In the first place, there are certainly verses which teach that God "works all things after the counsel of His will" (Eph. 1:11). Without doubt, then, God is sovereign and is providentially guiding history to its predetermined end. But as W.S. Reid (himself a Calvinist) correctly observes in his article on "Predestination" in the Evangelical Dictionary of Theology, "At this point the question arises of the possibility of individual freedom and responsibility if God is absolutely sovereign. How can these things be? Yet the Scriptures repeatedly assert both. Joseph's remarks to his brothers and Peter's statement concerning Christ's crucifixion highlight this fact (Gen. 45:4ff.; Acts 2:23). Man, in carrying out God's plan, even unintentionally, does so responsibly and freely" (871). This statement makes it plain that at least some Calvinists do indeed make room for a degree of genuine human freedom and responsibility, while at the same time affirming the full and unmitigated sovereignty of God. Although it may certainly be a mystery (at least from man's perspective) how both of these things can be simultaneously true, I agree with Reid that the Bible does indeed "repeatedly assert both."
But doesn't the Fall of man affect human freedom? Indeed it does! Before the Fall, man's will was perfectly free both to obey and disobey God. However, after the Fall the freedom to obey was lost (whether partially or completely need not concern us here). Nevertheless, through His gift of salvation (including both regeneration and sanctification), God is restoring this original freedom in His people (2 Cor. 3:16-18). In addition, however, it must also be kept in mind that even unregenerate men are acting freely when they sin. They freely CHOOSE to sin because their nature is now depraved, fallen and sinful. But when someone becomes a new creature in Christ, the freedom to do good and obey God is, to some degree, restored. And through the process of sanctification, God is progressively restoring this freedom in His children more and more.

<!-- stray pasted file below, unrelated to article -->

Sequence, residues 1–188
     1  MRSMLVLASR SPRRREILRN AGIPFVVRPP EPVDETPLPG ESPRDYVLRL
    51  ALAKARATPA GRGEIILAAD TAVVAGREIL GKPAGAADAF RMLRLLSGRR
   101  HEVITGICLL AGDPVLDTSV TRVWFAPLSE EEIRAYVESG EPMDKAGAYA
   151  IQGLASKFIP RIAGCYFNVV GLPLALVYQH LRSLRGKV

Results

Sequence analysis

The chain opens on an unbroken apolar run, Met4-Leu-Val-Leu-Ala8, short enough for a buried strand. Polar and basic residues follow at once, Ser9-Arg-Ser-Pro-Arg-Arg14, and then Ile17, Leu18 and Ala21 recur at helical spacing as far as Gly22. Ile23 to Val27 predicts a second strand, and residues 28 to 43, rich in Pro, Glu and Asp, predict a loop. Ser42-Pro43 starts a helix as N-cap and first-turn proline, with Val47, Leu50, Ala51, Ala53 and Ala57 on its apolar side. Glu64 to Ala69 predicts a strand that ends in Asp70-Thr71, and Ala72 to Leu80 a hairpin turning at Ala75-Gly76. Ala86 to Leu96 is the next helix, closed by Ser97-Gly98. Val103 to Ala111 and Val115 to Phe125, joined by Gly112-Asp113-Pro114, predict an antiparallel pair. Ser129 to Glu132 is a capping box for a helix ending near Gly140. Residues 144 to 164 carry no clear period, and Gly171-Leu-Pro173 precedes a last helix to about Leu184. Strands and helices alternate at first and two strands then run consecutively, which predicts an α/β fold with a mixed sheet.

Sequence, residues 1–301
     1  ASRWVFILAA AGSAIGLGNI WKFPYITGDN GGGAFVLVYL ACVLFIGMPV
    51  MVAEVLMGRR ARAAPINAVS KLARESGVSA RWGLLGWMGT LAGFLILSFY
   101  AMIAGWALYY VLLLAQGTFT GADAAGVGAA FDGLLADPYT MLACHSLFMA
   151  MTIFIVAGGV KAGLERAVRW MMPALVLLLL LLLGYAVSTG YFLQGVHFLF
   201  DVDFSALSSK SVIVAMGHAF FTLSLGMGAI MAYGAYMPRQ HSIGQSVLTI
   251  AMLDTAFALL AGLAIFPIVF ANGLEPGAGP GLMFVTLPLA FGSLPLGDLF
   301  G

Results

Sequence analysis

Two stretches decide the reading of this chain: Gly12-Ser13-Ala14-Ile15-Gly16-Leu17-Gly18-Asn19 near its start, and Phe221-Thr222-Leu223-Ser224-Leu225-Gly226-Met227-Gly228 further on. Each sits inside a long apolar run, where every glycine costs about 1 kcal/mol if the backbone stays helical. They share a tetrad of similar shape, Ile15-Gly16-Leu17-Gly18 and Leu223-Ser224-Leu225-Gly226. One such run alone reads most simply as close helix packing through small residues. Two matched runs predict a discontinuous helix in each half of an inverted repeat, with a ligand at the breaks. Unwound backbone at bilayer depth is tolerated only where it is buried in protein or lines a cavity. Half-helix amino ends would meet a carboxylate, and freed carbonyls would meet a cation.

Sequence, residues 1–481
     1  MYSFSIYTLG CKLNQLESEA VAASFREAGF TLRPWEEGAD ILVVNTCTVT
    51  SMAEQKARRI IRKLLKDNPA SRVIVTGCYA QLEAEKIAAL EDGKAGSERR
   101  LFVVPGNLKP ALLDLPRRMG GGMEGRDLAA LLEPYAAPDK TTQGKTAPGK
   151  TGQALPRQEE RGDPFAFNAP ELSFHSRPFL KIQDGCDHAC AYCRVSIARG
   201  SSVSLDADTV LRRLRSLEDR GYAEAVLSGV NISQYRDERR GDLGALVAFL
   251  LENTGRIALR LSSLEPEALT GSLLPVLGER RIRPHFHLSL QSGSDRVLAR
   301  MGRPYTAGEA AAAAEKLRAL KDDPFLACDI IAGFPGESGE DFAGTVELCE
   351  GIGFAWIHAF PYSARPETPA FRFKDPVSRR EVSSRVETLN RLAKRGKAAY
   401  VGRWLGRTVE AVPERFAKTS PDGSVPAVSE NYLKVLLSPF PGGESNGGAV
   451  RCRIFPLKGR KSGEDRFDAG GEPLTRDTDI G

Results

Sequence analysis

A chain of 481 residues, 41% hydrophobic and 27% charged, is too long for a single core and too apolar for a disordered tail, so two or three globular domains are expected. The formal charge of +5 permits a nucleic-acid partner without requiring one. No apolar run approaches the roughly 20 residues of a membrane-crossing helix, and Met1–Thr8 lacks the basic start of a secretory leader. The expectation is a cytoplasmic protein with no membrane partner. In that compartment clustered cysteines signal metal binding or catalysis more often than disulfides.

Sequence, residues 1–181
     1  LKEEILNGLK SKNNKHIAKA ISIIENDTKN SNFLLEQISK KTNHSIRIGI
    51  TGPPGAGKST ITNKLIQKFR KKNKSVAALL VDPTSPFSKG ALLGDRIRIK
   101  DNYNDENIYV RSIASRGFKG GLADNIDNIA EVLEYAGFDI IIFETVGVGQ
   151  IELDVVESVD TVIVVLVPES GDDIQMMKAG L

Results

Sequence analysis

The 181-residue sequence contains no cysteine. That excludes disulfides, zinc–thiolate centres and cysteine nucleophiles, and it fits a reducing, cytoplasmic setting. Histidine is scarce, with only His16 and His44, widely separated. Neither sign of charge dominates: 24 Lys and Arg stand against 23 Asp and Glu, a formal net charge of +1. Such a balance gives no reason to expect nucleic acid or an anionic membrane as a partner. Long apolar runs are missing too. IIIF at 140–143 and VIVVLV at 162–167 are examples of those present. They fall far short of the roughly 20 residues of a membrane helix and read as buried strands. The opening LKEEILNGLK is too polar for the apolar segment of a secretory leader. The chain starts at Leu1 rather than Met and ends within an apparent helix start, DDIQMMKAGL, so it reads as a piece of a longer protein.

Again, as Norman Geisler points out in his article on "Freedom, Free Will, and Determinism" in the Evangelical Dictionary of Theology, even fallen man retains a degree of genuine human freedom. This is taught in many passages of Scripture (e.g. Matt. 23:37; John 7:17; 1 Cor. 9:17; 1 Pet. 5:2; Philem. 14). Thus, even if it is not fully explicable (for man at any rate), the Bible clearly teaches both Divine Sovereignty and a degree of genuine human freedom and responsibility. Indeed, in some passages, both ideas appear virtually side by side. For instance, in Prov. 16:9 we read, "The mind of man plans his way, but the Lord directs his steps." Passages such as this may teach that man has a measure of self-determination, while at the same time indicating that what man freely chooses is also (on some level) directed by God.